We lack the ability to learn from our mistakes; the result is a MAF whose capabilities don’t reflect all we’ve spend on it which in turn leads to the armed services and tax payer getting bugg***d.

  16. @Kamal
    All these (inc Covid support funds) will be paid for by borrowings. Ever since PH era whereby our Government no longer followed the unwritten 55% debt ceiling set by BN, our debts have climbed above that level.

    Good or bad? Depends on who you ask. But since there is precedent set, any subsequent Government no longer needs to justify keeping to a set debt limit anymore.

    There is no loans for funds for defence and I don’t think they will do so going into the future

  17. @
    Hmmm…..it looks like turkey’s Hizir.
    Is it another rebadge?
    If yes, let’s buy it directly from Turkey no need middleman again and again.

  18. Romeo – “ no need middleman again and again”

    It’s goes back to what I’ve been saying : our long standing flawed and self defeating policy.

    The whole idea of having a ‘middle man” was based on the hope that it would actually lead to tangible long term benefits; creating jobs, creating a local industry which would benefit from offsets and ToTs, etc. In theory it’s great; in actual practice not so.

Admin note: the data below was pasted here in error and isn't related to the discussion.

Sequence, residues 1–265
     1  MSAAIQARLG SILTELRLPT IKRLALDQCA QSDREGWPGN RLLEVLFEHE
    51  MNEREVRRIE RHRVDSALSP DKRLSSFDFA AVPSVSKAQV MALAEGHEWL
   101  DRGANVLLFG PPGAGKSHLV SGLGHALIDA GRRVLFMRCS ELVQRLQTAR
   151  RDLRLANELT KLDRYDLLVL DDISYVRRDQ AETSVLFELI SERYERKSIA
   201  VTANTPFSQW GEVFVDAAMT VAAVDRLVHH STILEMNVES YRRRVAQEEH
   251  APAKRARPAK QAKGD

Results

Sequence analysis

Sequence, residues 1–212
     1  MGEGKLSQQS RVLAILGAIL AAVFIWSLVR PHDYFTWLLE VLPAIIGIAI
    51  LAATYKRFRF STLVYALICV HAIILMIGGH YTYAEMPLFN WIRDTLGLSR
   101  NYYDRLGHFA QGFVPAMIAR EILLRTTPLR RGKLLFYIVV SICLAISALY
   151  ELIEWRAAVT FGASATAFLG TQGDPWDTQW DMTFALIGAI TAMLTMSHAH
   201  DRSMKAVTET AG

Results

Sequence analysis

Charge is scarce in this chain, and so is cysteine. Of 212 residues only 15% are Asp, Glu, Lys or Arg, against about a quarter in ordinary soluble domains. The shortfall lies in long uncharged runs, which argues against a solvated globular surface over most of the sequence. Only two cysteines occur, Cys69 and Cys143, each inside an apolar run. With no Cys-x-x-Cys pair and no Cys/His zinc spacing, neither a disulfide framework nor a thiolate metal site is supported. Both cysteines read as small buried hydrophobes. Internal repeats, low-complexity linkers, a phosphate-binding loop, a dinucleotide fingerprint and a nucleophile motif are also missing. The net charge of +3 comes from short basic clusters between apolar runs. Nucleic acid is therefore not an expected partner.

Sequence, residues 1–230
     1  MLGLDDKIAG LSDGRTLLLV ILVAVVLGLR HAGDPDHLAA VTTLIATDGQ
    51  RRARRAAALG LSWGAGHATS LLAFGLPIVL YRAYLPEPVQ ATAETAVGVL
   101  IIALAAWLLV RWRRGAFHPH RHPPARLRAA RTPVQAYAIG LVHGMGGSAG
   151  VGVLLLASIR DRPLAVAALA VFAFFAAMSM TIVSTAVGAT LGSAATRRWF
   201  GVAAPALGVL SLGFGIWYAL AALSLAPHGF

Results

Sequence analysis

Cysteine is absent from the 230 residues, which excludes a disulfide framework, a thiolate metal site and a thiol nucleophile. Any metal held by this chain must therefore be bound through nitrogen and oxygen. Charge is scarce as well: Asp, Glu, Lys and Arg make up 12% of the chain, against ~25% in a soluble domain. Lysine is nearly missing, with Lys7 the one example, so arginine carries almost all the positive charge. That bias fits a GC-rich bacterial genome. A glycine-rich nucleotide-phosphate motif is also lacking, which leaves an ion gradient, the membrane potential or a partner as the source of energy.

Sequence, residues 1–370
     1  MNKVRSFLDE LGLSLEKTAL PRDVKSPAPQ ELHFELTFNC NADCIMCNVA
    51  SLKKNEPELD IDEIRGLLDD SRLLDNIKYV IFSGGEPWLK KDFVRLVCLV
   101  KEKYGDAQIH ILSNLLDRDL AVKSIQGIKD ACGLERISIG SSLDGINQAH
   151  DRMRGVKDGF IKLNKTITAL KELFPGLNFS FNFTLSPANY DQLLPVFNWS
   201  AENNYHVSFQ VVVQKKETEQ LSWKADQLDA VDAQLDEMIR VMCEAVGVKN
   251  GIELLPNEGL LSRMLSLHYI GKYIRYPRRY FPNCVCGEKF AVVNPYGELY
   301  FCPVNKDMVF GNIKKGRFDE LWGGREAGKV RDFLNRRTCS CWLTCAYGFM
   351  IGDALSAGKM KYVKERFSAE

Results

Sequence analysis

The reality is that it hasn’t accomplished anything but absorb scarce resources which could have been better utilised. The bulk of local companies don’t offer any added value. Those which manage ti stay afloat keep doing the same thing (local assembly, local production – reliant on foreign tech and components) without transiting to to the next level

    To do away with the ‘middle man” and to ensure the end user and taxpayers get their money’s worth would entail an honest appraisal of where we’ve gone wrong and a total and fundamental revamp of our highly flawed and self defeating defence policy.

  19. “There is no loans for funds for defence”
    It comes from the overall yearly Bajet and 5 yearly RMKs. A significant increase in budget layout without the same gains in income would meant money must come from somewhere, so its either from us taxpayers or thru borrowings which thus resulted in higher debt levels.

Leave a Reply

Your email address will not be published.